WASHINGTON, July 18 (Reuters) – Ukraine’s counter-offensive against Russia is far from a failure, but the fight ahead will be long and bloody, the top U.S. general said on Tuesday, even as casualties on both sides mount and the front lines have moved only incrementally.
The United States and other allies have spent months building Ukraine a “mountain of steel” of weaponry and training Ukrainian forces in combined arms techniques to help Kyiv pierce formidable Russian defenses during its counter-offensive.
Asked whether the counter-offensive was a failure, at least so far, General Mark Milley, chair of the Joint Chiefs of Staff said: “It is far from a failure. I think that it’s way too early to make that kind of call.
Speaking after another round of talks on arms for Ukraine in its fight against Russia’s now nearly 17-month invasion, Milley said that the Ukrainian counteroffensive will be slow.
“I think there’s a lot of fighting left to go and I’ll stay with what we said before: This is going to be long. It’s going be hard. It’s going to be bloody,” Milley told reporters.
Since Ukraine began its counteroffensive last month, Kyiv has recaptured some villages in the south and territory around the ruined city of Bakhmut in the east, but has yet to attempt a major breakthrough across heavily defended Russian lines.
Kyiv says it is deliberately advancing slowly to avoid high casualties on fortified defensive lines strewn with landmines, and is focused for now on degrading Russia’s logistics and command. Moscow says the Ukrainian counteroffensive has failed.
Six weeks since Ukraine launched a counteroffensive in the east and south, Russia is mounting a ground offensive of its own in the northeast.
Russia also spent months digging into defensive positions, surrounding them with landmines and building heavily armed fortifications that have made Ukrainian advances in the east and south slow and bloody.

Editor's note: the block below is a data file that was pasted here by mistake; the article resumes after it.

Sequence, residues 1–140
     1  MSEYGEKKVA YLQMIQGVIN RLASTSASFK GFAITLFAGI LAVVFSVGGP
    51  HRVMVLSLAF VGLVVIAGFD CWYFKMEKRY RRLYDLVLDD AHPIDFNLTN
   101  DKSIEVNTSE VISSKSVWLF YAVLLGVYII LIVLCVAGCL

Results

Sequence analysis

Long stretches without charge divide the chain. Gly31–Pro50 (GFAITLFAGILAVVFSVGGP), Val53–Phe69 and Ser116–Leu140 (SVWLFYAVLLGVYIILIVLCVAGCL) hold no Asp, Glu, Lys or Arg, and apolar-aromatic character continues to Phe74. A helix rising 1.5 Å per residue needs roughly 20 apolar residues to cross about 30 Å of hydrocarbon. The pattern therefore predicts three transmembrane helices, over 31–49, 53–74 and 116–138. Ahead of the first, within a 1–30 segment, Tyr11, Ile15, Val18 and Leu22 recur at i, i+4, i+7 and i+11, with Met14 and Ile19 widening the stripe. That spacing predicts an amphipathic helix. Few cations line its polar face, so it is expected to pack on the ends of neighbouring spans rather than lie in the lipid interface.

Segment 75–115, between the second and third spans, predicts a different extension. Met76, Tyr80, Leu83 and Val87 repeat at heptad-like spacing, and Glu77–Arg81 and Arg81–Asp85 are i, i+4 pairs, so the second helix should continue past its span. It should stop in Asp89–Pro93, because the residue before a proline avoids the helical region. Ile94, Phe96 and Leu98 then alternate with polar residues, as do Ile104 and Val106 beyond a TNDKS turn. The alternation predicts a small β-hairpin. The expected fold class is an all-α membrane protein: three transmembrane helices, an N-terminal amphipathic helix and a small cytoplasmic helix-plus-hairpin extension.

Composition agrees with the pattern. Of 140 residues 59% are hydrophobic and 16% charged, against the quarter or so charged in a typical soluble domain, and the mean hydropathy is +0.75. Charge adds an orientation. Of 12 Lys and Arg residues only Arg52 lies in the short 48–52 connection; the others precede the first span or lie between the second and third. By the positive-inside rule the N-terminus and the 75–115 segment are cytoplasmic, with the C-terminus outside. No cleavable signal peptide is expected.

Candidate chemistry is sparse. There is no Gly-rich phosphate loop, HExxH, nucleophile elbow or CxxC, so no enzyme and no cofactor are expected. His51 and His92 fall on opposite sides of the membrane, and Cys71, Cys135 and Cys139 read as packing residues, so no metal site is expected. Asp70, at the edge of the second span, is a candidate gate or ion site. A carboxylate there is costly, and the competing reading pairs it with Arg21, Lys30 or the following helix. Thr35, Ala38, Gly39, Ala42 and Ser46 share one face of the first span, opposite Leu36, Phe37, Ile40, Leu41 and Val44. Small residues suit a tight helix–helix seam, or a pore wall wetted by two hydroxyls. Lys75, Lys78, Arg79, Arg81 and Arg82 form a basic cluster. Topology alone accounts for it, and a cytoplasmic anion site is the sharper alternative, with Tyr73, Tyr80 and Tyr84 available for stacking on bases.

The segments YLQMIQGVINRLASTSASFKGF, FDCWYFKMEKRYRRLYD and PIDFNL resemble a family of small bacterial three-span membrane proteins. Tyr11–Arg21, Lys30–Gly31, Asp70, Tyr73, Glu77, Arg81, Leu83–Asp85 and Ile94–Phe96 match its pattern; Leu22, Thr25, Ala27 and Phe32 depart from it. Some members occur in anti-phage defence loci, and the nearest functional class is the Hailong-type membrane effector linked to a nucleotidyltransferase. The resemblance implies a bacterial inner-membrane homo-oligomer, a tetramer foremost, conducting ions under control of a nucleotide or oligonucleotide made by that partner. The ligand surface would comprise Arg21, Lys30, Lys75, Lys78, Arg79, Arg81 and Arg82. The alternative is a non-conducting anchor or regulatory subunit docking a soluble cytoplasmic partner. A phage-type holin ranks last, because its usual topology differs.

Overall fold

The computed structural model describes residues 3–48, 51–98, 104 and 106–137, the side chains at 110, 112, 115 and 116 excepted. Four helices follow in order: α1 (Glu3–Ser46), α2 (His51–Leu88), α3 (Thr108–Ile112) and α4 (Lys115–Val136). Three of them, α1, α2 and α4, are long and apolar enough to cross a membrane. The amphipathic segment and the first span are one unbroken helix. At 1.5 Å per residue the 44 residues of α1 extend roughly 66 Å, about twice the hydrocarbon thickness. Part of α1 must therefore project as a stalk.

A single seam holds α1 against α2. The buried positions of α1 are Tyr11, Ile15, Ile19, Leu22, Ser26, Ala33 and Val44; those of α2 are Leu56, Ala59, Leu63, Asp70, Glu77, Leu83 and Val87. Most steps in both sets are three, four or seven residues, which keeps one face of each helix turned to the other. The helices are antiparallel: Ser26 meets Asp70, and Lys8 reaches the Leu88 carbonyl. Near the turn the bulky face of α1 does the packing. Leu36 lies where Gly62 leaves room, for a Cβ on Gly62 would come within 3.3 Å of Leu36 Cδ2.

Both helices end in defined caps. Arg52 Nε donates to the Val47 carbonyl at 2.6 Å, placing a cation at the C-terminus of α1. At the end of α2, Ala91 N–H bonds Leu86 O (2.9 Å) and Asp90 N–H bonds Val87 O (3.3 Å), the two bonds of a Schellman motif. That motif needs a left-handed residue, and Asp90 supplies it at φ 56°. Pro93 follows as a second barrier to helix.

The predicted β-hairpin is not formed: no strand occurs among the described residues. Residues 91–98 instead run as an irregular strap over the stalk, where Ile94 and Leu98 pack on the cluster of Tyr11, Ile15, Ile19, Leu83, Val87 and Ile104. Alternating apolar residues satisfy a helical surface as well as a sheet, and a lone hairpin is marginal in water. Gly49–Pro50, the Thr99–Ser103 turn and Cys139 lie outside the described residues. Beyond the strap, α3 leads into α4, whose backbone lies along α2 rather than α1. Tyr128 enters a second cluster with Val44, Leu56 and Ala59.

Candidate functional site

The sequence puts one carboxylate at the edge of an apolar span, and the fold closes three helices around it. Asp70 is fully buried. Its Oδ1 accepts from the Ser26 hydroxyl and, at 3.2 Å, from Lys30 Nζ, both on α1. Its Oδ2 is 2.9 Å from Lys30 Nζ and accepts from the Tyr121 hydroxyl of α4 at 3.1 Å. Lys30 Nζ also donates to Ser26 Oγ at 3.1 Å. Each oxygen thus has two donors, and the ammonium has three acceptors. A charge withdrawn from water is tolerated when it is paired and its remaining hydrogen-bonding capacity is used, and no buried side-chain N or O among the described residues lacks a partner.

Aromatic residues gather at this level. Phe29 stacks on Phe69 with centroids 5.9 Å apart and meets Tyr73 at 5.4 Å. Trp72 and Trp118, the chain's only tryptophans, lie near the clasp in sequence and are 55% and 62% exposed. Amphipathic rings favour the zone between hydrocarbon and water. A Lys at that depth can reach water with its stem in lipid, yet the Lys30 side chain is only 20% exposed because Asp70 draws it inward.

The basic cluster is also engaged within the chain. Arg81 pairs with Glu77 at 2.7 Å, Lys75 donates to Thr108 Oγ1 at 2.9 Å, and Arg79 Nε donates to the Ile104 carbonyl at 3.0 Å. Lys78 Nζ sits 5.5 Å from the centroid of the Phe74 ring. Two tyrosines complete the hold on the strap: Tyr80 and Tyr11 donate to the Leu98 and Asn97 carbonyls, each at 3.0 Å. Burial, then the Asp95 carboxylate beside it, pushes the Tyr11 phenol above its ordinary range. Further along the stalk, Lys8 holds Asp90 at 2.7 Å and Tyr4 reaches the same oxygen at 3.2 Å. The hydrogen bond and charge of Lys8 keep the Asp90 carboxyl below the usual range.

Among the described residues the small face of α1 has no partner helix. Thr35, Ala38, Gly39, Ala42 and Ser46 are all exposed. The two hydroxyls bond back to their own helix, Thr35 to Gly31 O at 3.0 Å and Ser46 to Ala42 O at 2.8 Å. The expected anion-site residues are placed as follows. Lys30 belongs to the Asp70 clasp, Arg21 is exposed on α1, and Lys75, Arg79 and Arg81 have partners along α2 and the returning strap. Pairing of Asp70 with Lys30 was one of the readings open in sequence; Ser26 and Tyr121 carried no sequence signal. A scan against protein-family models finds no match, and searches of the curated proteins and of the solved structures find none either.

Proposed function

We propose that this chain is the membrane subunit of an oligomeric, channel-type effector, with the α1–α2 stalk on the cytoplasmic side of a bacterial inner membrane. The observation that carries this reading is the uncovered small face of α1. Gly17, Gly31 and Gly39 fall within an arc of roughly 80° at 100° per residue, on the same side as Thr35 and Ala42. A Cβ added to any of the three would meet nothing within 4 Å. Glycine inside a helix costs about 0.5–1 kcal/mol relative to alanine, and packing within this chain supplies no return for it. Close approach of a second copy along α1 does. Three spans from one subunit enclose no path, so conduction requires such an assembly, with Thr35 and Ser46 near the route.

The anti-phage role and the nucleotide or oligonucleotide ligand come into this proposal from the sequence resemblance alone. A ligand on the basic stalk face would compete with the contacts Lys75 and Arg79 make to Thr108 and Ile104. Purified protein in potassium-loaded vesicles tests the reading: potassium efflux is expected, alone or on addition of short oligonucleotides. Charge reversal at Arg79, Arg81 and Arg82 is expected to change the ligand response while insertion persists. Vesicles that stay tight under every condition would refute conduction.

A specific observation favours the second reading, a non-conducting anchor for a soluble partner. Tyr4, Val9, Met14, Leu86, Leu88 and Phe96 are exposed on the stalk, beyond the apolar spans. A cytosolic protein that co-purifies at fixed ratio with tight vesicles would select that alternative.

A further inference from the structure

Milley said various war games had predicted certain levels of Ukrainian advances, but conflict on paper was different from the reality of facing complex minefields, barbed wire and Russian trenches.
“Real war is unpredictable. It’s filled with fear, fog and friction,” Milley said
Russia’s defense ministry said its forces had advanced 2 km (1.2 miles) in the vicinity of Kupiansk, a frontline railway hub recaptured by Ukraine in an offensive last year. Kyiv acknowledged a “complicated” situation in the area. Reuters could not independently verify the situation.
Milley said that the group also discussed ramping up ammunition production at both “national levels and at the multinational level” through the European Union and the plans to train and supply Ukraine with F-16 fighter capability.
Oleksiy Reznikov, Ukraine defence minister, said after the Tuesday talks that “supply of weapons and equipment urgently needed” is a priority for Ukraine.
“Focus: air defence, ammunition and armour,” Reznikov said on Twitter.
Reporting by Phil Stewart, Idrees Ali and Doina Chiacu; Additional reporting in Melbourne by Lidia Kelly; Editing by Chris Reese, Leslie Adler and Michael Perry
National security correspondent focusing on the Pentagon in Washington D.C. Reports on U.S. military activity and operations throughout the world and the impact that they have. Has reported from over two dozen countries to include Iraq, Afghanistan, and much of the Middle East, Asia and Europe. From Karachi, Pakistan.
Phil Stewart has reported from more than 60 countries, including Afghanistan, Ukraine, Syria, Iraq, Pakistan, Russia, Saudi Arabia, China and South Sudan. An award-winning Washington-based national security reporter, Phil has appeared on NPR, PBS NewsHour, Fox News and other programs and moderated national security events, including at the Reagan National Defense Forum and the German Marshall Fund. He is a recipient of the Edwin M. Hood Award for Diplomatic Correspondence and the Joe Galloway Award.